Finding the time to visit your dentist can be difficult, especially if you have a busy schedule. For others, it can be hard to make your dental appointments for other reasons. Going to the dentist is stressful for many patients, so it may cause a great deal of anxiety. If you are hesitating to make an appointment or want to cancel due to nerves, know that you are not alone. Dental anxiety is extremely common.
Anything from a root canal to a routine cleaning can cause distress or unease in patients. However, there are many methods you can try to help ease your anxiety about going to the dentist. You just need to find which one is right for you.
Talk To Your Dentist
The best thing you can do is talk to your dentist about your fears or anxieties so that they can help you. Know that your dentist is there to help you and wants you to be successful. They wouldn’t be there if they didn’t want your oral health to be at its best or for you to feel comfortable and confident.
Sometimes the fear of the unknown causes anxiety about dental procedures. If this is the case, you can ask your dentist to walk you through your procedure step-by-step. Before your appointment begins, ask your dentist to explain what they plan to do through your appointment, which may lessen your anxiety. You can even request that your dentist tells you what they are doing and explain why as they move through your procedure.
An explanation may not be enough to reduce your anxiety, so your dentist may recommend sedation therapy for you to be comfortable during your appointment. Depending on the type of procedure, your dentist may offer oral sedation or nitrous oxide, also known as “laughing gas.”
You will receive nitrous oxide at the beginning of your appointment, and it wears off quickly, which means you can get back to your routine immediately. Oral sedation may be taken at home before your procedure, but it will take hours to wear off fully.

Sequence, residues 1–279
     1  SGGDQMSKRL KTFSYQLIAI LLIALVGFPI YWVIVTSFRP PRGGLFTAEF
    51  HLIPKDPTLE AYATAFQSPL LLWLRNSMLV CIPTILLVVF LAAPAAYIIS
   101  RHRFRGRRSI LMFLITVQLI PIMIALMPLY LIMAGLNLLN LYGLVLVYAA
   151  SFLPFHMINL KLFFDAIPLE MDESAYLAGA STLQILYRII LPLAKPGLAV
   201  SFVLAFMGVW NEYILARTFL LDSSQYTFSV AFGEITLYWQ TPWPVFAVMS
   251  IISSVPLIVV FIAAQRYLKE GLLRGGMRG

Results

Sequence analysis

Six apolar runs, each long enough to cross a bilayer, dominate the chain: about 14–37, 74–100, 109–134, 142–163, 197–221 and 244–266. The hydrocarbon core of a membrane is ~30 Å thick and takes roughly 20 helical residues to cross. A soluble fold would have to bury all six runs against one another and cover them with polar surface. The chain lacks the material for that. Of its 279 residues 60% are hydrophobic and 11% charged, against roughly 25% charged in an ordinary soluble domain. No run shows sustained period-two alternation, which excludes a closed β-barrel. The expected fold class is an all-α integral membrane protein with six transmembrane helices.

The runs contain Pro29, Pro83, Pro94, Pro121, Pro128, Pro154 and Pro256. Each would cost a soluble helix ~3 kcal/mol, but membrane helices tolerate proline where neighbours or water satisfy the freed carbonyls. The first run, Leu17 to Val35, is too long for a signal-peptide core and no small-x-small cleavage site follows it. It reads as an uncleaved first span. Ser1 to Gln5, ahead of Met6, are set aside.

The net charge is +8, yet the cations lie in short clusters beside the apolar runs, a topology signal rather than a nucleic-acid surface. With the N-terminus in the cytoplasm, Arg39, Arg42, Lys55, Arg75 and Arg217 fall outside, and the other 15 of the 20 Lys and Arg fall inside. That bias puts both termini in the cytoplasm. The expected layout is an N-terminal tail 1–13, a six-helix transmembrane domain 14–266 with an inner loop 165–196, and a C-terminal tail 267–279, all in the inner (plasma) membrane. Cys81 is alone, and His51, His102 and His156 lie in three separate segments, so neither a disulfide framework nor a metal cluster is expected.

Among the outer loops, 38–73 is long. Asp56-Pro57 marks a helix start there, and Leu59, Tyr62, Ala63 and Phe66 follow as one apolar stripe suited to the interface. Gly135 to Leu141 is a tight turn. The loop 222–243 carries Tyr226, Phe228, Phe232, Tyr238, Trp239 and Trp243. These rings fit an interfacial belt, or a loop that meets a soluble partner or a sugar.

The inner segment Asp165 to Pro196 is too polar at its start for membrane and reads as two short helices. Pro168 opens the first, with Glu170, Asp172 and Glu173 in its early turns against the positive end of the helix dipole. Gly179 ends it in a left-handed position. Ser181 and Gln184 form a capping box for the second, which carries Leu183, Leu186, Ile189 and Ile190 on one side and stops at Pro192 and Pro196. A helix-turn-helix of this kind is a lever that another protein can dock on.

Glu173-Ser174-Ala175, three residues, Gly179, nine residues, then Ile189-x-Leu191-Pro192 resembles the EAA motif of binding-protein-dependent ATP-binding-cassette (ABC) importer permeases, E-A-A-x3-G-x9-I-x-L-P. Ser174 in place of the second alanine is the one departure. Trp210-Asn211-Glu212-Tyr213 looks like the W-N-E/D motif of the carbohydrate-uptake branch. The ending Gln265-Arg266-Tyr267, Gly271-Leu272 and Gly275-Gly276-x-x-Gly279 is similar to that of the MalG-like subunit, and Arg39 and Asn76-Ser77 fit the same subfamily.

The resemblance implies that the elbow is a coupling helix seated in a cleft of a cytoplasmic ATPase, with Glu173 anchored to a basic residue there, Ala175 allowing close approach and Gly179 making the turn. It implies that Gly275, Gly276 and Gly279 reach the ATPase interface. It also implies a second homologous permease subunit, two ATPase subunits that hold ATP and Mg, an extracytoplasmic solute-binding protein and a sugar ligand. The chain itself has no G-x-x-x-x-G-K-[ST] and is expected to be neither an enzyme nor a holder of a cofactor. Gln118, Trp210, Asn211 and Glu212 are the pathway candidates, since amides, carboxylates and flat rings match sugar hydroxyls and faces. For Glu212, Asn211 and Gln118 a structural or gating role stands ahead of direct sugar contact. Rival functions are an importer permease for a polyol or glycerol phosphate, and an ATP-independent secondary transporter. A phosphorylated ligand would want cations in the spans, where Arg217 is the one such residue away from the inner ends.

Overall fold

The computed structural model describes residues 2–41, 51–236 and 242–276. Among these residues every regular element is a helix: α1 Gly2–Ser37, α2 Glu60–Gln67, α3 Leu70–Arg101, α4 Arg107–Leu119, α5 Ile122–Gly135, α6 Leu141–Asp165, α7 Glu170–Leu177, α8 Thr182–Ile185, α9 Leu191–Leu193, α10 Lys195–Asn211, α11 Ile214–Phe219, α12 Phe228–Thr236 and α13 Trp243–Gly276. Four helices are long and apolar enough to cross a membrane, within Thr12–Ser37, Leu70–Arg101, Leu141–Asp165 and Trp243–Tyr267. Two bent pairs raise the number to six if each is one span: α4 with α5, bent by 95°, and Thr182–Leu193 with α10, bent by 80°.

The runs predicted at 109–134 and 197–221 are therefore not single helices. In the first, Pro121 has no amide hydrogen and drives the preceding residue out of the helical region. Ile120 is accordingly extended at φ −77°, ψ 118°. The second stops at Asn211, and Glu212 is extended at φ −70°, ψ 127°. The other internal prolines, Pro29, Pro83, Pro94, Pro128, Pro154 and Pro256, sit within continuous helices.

Bring A Friend
Another option to ease your anxiety is to bring a trusted friend to help you through your appointment. Sometimes, having someone there for moral support can be enough to take your mind off your fears. Your dentist may allow your trusted person to hold your hand through your appointment. Just make sure they won’t be in the way or there is no risk to you or them.
However, your friend may want to offer some distractions, such as reading from a book or a magazine. Focusing on them rather than what your dentist does can help you move through your appointment with fewer difficulties.
Take A Deep Breath
In addition to other calming techniques, you may want to consider deep breathing exercises. Breathing slowly in your nose and out of your mouth can trigger a calming effect and reduce your anxiety. Other exercises include deep “belly breathing,” breathing in for four seconds and out for eight, and many more. You can often also focus on your breathing as a distraction.